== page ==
But matter and energy are neither created nor destroyed, and the prolonged desiccation of the mainstream media has coincided with an upwelling of content produced by the people who traditionally paid them. My colleagues Matt Egol, Les Moeller, and Chris Vollmer of Booz & Company call this “private-label media”—an example is General Mills’s www.bettycrocker.com, which gets an online audience comparable to that of traditional food magazines. But that’s only part of the trend that goes by the broader name of “content marketing.” The Content Marketing Institute (o tempora! o mores! a new phenomenon, and already it has an institute) estimates that content marketing consumed one-third of all business-to-business marketing spending in 2012, on a steeply rising curve. Business-to-consumer marketing isn’t quite so dedicated to content marketing, but lives there a company with a soul so dead that it doesn’t have its own YouTube channel? Videos, blogs, white papers, research reports, webinars, tweets, infographics, ebooks, emagazines—they are pouring down from skyscrapers like new lozenges in a game of Candy Crush.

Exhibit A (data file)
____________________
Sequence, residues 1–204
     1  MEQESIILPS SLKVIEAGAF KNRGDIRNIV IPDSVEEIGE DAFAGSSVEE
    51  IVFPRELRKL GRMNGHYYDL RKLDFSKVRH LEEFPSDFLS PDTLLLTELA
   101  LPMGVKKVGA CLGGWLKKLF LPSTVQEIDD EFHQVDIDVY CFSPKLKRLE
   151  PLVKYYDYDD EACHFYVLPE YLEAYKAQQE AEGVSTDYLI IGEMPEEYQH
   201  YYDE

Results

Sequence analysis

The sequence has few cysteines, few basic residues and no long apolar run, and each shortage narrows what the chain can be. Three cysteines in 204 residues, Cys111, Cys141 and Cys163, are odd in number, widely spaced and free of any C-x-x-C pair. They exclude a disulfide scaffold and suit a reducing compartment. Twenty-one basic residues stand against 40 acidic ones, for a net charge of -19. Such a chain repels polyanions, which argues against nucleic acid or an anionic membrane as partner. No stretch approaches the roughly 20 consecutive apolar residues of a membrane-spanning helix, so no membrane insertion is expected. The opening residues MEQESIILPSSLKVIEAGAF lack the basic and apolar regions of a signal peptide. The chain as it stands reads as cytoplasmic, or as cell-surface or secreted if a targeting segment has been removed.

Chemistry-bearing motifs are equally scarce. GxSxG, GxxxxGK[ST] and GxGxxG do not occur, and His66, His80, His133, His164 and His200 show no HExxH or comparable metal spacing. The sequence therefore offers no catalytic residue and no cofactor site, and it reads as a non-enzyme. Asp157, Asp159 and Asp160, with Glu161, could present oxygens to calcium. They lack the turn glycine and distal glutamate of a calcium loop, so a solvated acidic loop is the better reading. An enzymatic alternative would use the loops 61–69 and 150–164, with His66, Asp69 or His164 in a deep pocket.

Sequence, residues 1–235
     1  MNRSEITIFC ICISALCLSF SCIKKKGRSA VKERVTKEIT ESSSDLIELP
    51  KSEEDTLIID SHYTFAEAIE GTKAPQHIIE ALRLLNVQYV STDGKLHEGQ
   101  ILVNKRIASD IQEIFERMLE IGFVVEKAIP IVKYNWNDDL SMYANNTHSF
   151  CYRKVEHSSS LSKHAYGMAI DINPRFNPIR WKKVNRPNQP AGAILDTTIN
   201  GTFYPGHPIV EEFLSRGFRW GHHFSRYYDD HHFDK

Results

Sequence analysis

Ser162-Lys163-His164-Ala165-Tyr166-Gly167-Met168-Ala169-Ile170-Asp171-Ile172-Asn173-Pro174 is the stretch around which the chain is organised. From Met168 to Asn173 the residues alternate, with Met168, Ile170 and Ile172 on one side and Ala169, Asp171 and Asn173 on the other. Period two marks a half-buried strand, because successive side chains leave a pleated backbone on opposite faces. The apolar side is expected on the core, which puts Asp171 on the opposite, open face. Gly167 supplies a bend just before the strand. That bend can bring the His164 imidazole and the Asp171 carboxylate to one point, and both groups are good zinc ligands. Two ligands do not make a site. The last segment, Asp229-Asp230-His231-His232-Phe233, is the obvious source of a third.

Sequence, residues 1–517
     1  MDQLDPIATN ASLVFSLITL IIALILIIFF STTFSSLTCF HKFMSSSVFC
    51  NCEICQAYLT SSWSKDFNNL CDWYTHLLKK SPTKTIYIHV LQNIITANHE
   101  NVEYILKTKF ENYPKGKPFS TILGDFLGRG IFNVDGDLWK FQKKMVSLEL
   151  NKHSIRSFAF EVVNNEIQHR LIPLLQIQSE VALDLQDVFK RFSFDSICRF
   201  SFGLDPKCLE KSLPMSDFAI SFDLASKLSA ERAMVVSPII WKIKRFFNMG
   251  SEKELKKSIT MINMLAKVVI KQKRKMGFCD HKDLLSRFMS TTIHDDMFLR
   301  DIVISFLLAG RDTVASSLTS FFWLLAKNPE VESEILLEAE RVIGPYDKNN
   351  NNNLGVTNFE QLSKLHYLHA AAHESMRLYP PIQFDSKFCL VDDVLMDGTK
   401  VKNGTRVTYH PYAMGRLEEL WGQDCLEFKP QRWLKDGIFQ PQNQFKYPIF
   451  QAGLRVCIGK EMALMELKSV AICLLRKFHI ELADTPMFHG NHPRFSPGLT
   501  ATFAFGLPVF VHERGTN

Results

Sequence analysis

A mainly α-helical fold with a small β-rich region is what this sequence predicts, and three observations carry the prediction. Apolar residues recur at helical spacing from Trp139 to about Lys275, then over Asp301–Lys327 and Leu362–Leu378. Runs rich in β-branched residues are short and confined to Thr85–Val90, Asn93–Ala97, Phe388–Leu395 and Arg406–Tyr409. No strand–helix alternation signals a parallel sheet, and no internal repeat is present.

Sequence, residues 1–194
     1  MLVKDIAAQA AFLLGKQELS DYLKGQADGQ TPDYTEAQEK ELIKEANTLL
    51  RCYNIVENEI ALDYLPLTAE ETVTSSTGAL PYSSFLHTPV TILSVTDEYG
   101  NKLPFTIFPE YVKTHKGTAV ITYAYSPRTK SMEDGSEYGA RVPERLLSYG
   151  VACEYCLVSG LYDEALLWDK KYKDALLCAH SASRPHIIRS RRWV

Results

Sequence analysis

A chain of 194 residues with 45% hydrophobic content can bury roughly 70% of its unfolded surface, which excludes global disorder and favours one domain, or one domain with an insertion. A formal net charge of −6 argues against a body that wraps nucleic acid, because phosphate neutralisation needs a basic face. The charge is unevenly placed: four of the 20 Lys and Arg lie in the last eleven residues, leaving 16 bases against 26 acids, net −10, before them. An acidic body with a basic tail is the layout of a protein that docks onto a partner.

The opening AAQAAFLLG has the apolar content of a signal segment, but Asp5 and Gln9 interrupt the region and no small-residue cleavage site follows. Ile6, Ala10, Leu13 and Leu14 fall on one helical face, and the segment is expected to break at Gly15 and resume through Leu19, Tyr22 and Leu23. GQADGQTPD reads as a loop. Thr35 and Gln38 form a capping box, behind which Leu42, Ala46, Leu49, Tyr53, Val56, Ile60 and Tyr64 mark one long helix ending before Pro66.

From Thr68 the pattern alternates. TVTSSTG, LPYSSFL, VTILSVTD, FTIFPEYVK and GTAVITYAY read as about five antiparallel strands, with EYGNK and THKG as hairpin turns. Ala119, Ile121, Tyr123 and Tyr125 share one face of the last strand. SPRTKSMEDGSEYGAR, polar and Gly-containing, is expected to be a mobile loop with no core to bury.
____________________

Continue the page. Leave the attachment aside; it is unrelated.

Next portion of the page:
My own employer is emphatically part of the trend and has been since the beginning—in fact, our strategy+business magazine coined the term “thought leader” in 1994. Content marketing takes thought leadership and puts it in play—cuts it up, makes ideas “snackable,” puts them “out there” so that someone (i.e., you) will be intrigued enough to want to learn more and, eventually, buy something.